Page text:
If I have learned anything from this pandemic it is that, when push comes to shove, Torontonians will eat pretty much anywhere. On sidewalks. On streets. In white tents that masquerade as outdoor dining. And in many other little urban crevices.
I am only half-joking, because the reality is that this pandemic has pried us away from the status quo and forced us to reconsider how we allocate and how we occupy many of our public spaces. There will be some positive outcomes on the other side of this.
To that end, a new city building effort has just been announced here in Toronto. (Alex Bozikovic of the Globe and Mail wrote about it here in “Rebirth of the Promenade”.) The vision is called “University Park” and the team behind it includes the landscape architecture firm PUBLIC WORK, the non-profit Evergreen, and the Michael Young Family Foundation.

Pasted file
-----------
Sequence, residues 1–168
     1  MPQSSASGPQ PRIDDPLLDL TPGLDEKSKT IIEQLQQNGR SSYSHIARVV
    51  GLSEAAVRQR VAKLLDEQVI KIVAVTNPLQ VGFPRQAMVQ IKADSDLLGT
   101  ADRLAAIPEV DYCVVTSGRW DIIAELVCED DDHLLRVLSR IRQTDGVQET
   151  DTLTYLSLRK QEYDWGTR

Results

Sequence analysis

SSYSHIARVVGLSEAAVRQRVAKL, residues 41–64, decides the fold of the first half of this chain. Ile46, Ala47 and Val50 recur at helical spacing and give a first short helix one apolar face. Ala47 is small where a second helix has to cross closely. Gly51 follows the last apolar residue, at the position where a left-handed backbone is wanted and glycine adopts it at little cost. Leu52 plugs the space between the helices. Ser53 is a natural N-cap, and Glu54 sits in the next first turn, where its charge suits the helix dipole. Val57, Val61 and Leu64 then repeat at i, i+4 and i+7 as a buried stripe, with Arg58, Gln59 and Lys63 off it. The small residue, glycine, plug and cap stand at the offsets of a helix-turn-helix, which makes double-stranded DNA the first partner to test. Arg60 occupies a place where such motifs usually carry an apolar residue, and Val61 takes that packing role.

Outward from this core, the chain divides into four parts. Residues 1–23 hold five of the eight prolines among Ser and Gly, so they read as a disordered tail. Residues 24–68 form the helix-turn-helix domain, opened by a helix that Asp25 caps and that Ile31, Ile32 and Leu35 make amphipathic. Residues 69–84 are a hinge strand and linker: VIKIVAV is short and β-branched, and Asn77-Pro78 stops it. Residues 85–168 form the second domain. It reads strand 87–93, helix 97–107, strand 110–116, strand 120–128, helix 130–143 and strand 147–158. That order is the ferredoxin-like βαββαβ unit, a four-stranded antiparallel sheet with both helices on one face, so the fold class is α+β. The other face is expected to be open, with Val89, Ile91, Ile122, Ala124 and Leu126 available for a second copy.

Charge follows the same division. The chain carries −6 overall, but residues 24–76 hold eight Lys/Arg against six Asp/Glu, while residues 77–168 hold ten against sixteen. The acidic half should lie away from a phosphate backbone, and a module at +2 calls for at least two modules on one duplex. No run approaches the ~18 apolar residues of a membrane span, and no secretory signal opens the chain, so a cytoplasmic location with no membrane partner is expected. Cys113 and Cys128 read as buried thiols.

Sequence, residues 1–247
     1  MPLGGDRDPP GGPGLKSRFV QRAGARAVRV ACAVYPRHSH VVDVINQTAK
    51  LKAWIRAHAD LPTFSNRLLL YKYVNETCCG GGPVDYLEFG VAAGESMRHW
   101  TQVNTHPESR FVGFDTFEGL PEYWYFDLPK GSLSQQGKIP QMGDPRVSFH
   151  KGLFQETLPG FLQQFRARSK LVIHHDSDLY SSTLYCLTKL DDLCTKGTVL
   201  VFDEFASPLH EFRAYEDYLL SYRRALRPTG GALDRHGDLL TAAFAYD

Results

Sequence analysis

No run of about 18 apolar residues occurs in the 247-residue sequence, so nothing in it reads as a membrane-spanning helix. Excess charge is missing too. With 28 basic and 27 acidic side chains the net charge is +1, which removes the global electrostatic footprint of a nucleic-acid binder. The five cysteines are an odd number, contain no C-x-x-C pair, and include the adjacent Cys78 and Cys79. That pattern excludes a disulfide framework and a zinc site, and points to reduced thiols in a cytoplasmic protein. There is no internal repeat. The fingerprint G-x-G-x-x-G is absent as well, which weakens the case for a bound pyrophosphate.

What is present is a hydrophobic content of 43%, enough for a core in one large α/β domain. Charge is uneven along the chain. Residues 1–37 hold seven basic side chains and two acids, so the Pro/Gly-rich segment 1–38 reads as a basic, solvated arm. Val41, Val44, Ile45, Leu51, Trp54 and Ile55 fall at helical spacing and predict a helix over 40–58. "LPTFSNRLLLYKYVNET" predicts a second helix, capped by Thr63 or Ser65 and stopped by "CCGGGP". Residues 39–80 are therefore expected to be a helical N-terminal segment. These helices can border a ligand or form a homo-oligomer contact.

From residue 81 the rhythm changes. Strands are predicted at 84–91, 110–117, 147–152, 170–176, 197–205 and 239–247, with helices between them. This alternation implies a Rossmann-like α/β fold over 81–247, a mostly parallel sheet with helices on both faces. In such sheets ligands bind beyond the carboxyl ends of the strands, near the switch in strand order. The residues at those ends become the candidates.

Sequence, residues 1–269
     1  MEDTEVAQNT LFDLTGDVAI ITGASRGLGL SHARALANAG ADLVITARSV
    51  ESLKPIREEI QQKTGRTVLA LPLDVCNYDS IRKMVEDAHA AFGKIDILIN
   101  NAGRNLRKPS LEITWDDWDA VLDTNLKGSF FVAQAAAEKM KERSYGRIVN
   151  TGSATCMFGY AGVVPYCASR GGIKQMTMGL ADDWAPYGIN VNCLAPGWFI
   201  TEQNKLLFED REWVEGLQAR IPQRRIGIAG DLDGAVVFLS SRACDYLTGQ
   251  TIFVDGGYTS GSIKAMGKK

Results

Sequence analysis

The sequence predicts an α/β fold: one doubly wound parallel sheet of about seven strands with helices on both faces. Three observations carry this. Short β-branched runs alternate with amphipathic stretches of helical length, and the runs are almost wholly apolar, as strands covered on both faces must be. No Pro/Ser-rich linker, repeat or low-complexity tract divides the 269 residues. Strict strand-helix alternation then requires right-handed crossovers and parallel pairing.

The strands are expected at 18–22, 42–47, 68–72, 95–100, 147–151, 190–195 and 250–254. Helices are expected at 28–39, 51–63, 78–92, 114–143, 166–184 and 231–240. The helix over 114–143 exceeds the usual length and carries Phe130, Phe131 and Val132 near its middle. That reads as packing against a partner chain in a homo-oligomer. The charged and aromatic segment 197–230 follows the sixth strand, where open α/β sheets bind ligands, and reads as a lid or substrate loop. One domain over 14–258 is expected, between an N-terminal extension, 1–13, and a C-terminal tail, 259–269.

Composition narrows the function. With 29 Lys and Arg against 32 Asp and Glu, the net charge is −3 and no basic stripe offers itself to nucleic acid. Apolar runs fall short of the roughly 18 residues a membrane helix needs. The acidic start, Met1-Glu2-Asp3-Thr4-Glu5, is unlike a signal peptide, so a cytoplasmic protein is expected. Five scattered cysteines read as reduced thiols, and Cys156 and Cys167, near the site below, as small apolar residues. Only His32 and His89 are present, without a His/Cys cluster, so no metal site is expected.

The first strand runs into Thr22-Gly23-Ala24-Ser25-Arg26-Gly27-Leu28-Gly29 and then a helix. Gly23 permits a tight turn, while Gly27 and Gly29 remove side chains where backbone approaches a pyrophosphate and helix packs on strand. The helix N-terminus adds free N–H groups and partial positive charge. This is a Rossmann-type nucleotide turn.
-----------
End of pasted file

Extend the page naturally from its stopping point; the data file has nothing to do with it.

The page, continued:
What they want to do is transform Toronto’s University Avenue into something akin to La Rambla in Barcelona — except better:
Our vision brings together patches of public green space that are currently disconnected and inaccessible in order to create a signature destination in the centre of our province’s capital. By making minor adjustments to the existing roadway on University Avenue and converting only 9.5 acres of city-owned asphalt into native landscape, pedestrian walkways, bike paths, and cultural installations, we can create a 90-acre park that spans from Queen’s Park all the way to the waterfront.
It’s about time. My only request is that they include small sidewalk crevice where I might be able to sit and enjoy a chicken burrito and a glass of wine. To learn more about University Park and to subscribe to their newsletter, click here.
Image: PUBLIC WORK